Acute alcohol tolerance refers to diminished alcohol induced impairment on the descending compared to the ascending limb of the blood alcohol concentration (BAC) curve, at comparable BACs. Research has demonstrated that this rapid tolerance develops for behavioural activation, psychomotor ability and self-report feelings of intoxication. No acute recovery of inhibitory control has been found. Alcohol outcome expectancies are beliefs about the anticipated outcomes associated with alcohol consumption; positive expectations increase consumption whilst negative expectations decrease consumption. To date, the influence that these pre-existing expectancies have on the development of acute alcohol tolerance remains unexplored. Using an adapted version of the BAC curve experimental procedure, the present thesis initially aimed to identify whether past literature demonstrating the development of acute alcohol tolerance is replicable. The primary objective was to then investigate whether alcohol outcome expectancies predict the magnitude of acute tolerance development. It was anticipated that the development of acute alcohol tolerance would be replicated and that outcome expectancies, particularly negative, would predict the magnitude of tolerance development due to the increased influence of compensatory mechanisms. Firstly, results indicate that acute alcohol tolerance developed for measures of psychomotor ability and subjective intoxication. However, no tolerance developed for both aspects of behavioural control (response activation and inhibitory control). This prolonged impairment of inhibitory control on the descending compared to the ascending limb may function to promote excessive consumption during a single drinking session. Secondly, results indicate that positive and negative expectancies do not influence the development of acute alcohol tolerance. Potential explanations surrounding this are discussed and suggestions for future research are outlined.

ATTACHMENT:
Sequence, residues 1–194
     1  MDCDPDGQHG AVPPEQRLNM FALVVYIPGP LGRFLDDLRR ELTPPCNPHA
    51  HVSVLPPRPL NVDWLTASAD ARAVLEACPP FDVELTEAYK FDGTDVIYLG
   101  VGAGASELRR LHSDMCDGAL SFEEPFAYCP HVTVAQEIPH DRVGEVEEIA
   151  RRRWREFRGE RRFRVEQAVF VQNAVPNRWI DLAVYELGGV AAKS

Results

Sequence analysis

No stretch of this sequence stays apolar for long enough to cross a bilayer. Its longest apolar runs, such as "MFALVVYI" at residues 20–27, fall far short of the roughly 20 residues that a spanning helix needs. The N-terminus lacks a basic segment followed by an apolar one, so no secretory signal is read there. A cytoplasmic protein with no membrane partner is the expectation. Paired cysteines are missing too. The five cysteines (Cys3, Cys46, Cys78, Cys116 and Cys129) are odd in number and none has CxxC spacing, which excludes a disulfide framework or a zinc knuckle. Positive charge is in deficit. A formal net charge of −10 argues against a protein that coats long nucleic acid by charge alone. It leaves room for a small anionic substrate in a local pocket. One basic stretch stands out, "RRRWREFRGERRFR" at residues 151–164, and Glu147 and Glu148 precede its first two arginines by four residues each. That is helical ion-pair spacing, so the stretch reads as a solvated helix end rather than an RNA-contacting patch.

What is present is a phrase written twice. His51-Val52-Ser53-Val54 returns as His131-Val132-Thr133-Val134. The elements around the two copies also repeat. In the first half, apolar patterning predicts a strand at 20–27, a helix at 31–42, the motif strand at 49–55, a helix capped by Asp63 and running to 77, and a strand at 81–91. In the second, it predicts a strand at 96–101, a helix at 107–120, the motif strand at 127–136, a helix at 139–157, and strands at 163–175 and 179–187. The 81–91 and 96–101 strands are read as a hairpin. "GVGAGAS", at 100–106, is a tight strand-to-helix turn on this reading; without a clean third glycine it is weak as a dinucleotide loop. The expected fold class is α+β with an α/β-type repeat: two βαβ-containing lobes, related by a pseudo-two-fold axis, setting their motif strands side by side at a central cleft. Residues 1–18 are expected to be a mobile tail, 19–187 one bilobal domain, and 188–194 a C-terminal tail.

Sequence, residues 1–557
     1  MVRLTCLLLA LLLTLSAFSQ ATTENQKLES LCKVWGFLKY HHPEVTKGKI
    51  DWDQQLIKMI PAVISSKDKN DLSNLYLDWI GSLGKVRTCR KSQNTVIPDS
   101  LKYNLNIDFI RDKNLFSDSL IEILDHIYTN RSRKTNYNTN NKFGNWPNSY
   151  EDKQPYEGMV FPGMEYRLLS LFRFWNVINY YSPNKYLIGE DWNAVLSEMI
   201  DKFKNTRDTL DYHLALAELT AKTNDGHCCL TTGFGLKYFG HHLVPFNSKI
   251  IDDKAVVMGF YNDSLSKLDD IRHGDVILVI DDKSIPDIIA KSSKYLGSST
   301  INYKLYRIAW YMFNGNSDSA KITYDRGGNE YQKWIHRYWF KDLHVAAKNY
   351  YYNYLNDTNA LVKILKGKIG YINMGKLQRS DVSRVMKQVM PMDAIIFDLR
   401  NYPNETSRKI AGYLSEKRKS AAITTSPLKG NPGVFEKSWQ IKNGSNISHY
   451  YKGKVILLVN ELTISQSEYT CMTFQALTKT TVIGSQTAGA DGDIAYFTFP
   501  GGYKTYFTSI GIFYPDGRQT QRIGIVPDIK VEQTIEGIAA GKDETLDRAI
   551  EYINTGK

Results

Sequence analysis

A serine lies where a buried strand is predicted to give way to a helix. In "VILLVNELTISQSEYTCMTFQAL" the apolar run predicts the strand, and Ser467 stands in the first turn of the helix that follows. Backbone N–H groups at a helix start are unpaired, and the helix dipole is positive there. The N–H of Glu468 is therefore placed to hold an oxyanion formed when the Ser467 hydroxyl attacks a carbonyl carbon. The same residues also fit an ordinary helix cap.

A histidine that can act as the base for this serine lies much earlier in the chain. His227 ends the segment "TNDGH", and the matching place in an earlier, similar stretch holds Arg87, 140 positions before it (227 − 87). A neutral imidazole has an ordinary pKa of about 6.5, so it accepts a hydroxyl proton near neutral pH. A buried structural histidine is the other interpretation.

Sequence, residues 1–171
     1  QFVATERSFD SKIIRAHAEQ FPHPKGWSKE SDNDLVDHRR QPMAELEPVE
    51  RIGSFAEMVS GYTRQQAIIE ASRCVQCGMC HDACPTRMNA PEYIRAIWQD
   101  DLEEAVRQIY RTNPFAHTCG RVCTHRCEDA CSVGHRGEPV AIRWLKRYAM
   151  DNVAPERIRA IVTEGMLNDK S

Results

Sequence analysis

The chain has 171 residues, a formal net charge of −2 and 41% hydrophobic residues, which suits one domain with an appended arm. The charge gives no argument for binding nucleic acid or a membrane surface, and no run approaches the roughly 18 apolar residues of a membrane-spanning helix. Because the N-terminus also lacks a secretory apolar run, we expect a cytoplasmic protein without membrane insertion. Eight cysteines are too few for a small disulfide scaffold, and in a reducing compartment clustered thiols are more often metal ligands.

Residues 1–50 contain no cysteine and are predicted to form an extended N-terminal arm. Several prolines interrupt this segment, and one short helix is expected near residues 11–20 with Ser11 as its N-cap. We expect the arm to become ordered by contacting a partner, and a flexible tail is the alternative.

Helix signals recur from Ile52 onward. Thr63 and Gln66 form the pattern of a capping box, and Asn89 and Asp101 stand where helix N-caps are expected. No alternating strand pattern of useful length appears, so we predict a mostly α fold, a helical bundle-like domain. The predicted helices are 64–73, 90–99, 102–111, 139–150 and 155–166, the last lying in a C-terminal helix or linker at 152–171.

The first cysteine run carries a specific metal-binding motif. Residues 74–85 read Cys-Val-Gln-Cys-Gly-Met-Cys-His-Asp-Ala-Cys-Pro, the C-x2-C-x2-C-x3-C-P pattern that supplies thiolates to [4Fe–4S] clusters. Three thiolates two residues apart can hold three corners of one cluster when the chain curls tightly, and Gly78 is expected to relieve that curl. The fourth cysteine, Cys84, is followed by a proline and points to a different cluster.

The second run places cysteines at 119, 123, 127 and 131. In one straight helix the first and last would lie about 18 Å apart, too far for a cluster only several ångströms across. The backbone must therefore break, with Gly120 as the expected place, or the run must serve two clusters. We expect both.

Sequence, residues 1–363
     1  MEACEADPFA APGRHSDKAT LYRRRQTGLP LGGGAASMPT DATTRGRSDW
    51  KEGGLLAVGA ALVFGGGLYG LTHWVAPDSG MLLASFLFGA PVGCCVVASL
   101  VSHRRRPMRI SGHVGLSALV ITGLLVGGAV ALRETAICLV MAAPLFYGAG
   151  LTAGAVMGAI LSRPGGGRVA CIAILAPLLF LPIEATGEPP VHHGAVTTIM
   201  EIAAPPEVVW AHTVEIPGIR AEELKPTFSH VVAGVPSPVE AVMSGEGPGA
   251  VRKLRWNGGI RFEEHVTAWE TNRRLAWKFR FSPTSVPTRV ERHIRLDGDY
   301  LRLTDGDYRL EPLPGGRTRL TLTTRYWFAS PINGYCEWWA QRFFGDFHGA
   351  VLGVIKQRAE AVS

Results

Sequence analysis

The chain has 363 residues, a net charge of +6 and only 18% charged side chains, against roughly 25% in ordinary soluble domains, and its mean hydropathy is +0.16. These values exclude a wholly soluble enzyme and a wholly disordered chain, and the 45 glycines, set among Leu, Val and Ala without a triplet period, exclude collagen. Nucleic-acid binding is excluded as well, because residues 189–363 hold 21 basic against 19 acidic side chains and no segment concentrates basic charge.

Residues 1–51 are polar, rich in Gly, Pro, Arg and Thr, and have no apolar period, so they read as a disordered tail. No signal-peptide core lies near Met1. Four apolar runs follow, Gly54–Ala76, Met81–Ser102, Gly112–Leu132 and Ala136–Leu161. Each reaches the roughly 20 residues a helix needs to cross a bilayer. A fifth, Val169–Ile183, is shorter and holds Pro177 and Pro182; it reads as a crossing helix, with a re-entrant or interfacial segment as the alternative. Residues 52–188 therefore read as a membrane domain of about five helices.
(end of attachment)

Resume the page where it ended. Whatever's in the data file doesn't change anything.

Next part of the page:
|Date of Award||2018|
|Supervisor||Nigel Wilson (Supervisor), Rebecca Jenks (Supervisor) & Miguel Farias (Supervisor)|